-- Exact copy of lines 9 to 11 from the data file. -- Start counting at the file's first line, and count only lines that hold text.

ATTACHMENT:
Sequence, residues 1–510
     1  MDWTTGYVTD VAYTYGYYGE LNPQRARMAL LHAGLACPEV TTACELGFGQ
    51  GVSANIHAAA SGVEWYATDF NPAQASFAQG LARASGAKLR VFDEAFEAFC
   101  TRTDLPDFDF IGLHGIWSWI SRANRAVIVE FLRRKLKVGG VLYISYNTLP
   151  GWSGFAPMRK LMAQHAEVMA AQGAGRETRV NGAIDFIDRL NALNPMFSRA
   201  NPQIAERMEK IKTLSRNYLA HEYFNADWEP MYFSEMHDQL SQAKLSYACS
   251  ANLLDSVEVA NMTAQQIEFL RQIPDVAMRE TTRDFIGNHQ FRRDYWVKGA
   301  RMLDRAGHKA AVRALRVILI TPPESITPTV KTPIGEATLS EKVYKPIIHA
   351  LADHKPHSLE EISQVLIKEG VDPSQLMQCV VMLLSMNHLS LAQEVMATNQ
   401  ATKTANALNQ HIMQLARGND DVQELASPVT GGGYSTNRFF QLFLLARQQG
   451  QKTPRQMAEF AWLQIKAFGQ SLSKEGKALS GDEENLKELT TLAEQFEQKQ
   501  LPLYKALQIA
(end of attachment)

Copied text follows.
   351  LADHKPHSLE EISQVLIKEG VDPSQLMQCV VMLLSMNHLS LAQEVMATNQ
   401  ATKTANALNQ HIMQLARGND DVQELASPVT GGGYSTNRFF QLFLLARQQG
   451  QKTPRQMAEF AWLQIKAFGQ SLSKEGKALS GDEENLKELT TLAEQFEQKQ